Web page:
Furthermore, since we are working on an iPhone with limited screen real estate (320x480px), we will place the map above the list of business names (accounts in our example). To make this more interesting, let's use different colored markers depending upon the account Rating:

  • Hot = Red marker
  • Warm = Yellow marker
  • Cold = Green marker

Now that we have our set up considerations out of the way, let's begin coding!

Mobile Visualforce

If you are familiar with development techniques for Visualforce, there are just a few additional points to note before we dive into our code. If you are new to Visualforce, you can review the excellent primer An Introduction to Visualforce.

  • Keep it light - Custom controllers are a best practice for mobile development, as you want to ensure that only the requisite data is fetched and processed into your resulting HTML that is sent to the device over the air. Keep in mind that your Visualforce page is sent to the device as HTML - minimizing this payload will make for a more responsive page (initial load time).
  • Custom stylesheets - Each device has a particular look and feel that is respected by the Force.com Mobile client. Your Visualforce pages should conform to the particular device look and feel as well. For our iPhone exercise, we will we explore a way of accomplishing this design task.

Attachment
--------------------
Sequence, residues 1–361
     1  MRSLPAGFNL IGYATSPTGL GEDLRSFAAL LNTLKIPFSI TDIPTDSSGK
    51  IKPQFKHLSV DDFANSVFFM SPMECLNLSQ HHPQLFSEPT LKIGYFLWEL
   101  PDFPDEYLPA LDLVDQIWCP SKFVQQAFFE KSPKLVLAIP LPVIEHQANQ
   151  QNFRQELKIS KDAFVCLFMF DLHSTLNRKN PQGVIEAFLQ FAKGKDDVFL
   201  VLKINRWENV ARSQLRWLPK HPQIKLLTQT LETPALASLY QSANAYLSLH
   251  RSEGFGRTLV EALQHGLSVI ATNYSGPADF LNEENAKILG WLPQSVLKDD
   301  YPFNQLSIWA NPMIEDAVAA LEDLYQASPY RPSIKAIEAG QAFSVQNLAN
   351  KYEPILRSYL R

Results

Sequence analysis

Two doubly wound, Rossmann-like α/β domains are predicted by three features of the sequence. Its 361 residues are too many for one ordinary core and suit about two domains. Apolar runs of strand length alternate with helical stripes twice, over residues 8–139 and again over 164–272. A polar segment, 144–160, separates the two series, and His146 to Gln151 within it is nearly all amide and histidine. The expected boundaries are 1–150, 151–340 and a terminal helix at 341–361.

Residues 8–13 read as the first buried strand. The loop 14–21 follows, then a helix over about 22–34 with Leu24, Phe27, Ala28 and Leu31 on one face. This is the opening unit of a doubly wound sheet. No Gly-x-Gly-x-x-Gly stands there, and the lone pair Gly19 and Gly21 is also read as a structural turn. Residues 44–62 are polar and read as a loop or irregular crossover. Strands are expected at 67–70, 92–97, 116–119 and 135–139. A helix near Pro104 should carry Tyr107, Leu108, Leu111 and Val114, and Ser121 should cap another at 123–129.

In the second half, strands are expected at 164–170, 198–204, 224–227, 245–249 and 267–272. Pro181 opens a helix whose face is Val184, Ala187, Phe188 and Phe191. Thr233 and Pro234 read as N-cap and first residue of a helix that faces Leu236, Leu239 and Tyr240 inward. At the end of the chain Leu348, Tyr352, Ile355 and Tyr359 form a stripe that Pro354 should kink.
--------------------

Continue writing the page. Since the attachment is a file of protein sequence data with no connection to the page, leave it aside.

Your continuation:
Delivering our custom app to the iPhone is the goal, so adopting the iPhone look and feel is a key requirement.

I'd Like to Buy a Vowel, Please

As you would expect, there are many code projects and iPhone CSS frameworks in the public domain. Two such open source projects that caught my attention were:

Reviewing these projects, I was drawn towards Joe Hewitt's iUI because of its simplicity and small footprint (47Kb). Fellow evangelist Dave Carroll also had some ready experience with iUI, so this made my decision an easy one.

Let's take a look at a simple Visualforce page using iUI and adhering to best practices discussed in the external article Apple iPhone design guidelines: